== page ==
Indeed, small remote controlled fliers pop up in the news from time to time.

Last week it was reported anti-pigeon shoot activist Steve Hindi was in the news for an incident in South Carolina.

Hindi has been after pigeon shoots since at least the late Eighties. He’s been successful at it and his crew of protesters also dispersed the South Carolina shoot. In retaliation, the South Carolina pigeon shooters downed his remote-controlled observer, demonstrating you can fight back — or shoot skeet — against the smaller, unarmed and much cheaper models.

From the wire:

“Seconds after [the drone] hit the air, numerous shots rang out,” Hindi said in the release. “As an act of revenge for us shutting down the pigeon slaughter, they had shot down our copter.”

He claimed the shooters were “in tree cover” and “fled the scene on small motorized vehicles.”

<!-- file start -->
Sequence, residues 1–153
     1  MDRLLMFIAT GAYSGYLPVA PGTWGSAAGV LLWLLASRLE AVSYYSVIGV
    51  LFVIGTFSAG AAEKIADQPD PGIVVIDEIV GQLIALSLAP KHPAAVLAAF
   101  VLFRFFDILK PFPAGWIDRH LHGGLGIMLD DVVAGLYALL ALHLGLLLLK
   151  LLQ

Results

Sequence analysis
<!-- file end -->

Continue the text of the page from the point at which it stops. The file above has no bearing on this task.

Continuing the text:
Coincidentally, many years ago I covered the Labor Day pigeon shoot in Hegins, PA, and it is mentioned here and here.

The locals beat Steve Hindi and his followers at that event but he had the last laugh. The Hegins shoot was eventually halted.

But back to the so-called wonderfulness of domestic drones.

I’m betting the price breakdown is simple. If the drone is tiny and innocuous, a small remote-controlled model plane or helicopter with a camera, it will remain cheap and small businesses will (and do) buy them for various tasks. The big arms manufacturers really won’t be interested in that end of the market because, well, it’s not rich enough.

However, those drones developed using taxpayer money filtered through defense spending will never be cheap. They will be sold/leased to police forces and local governments through grants/subsidies handed out by homeland security.

I wrote about it here at GlobalSecurity.

An their contribution to employment and the middle class economy will be negligible: